The working group for the Minister of Health has submitted a proposal for the raising of taxes on sweets, RUV reports.
The working group was formed to formulate proposals on how to use financial incentives to promote public health. Their latest suggestion is to significantly raise the tax on sweets and sugary drinks, by up to 20%.
According to the proposal, the higher taxes will cover soft drinks, energy drinks, water-based drinks that contain citric acid, sweets, energy and protein snacks, biscuits, cakes and pastries.
Some doubts, however, have been raised about the impact the tax rise will have. Ólafur Stephensen, managing director of the Association of Icelandic Employers, spoke to Morgunútvarp earlier this year, saying raising these taxes will increase hassle and cost, adding an extra VAT level where all food has previously been placed in the same tax bracket.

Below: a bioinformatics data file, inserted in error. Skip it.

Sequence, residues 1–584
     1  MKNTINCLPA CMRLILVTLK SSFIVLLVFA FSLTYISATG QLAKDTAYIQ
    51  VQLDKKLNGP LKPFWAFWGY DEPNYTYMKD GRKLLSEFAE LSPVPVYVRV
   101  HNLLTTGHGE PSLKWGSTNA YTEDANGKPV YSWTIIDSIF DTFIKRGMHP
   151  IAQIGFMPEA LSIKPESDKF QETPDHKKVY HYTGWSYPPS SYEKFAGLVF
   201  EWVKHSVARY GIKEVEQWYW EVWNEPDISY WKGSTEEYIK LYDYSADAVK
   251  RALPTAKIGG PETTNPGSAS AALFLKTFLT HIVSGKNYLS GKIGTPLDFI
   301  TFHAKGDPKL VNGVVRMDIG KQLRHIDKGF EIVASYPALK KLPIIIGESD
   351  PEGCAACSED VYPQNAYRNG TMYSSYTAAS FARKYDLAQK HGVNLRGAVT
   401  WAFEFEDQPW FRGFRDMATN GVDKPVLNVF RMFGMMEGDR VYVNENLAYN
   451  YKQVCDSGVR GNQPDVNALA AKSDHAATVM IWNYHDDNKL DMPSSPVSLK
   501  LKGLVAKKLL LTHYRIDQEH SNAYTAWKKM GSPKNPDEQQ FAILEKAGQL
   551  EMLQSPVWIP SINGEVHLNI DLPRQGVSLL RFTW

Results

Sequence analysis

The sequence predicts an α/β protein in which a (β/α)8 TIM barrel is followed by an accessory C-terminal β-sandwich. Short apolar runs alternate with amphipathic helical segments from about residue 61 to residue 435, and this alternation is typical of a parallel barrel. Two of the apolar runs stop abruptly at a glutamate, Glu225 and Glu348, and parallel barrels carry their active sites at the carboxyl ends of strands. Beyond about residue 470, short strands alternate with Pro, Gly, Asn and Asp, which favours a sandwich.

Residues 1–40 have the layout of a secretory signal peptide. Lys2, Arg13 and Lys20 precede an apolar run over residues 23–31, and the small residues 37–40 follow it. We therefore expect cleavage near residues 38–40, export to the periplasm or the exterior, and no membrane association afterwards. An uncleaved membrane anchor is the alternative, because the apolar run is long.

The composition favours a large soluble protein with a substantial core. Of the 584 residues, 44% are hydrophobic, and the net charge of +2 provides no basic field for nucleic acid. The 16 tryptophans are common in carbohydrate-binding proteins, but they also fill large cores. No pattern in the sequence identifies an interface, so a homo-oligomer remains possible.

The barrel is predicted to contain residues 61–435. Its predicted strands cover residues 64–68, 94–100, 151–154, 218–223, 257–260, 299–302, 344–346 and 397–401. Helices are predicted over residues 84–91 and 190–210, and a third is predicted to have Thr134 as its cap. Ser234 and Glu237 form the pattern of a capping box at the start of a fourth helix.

Ólafur also pointed out that previous attempts to raise the tax had no effect. “The old sugar tax had no effect on consumption. The results of research on sugar taxes in many parts of the world are contradictory and there are many indications that they do not work.”
However, an appendix to the proposal says that the World Health Organisation estimates that a 20% tax raise on these unhealthy products can reduce consumption by the same percentage. An Icelandic study shows that for every 1% increase in tax, consumption decreases by 1%.
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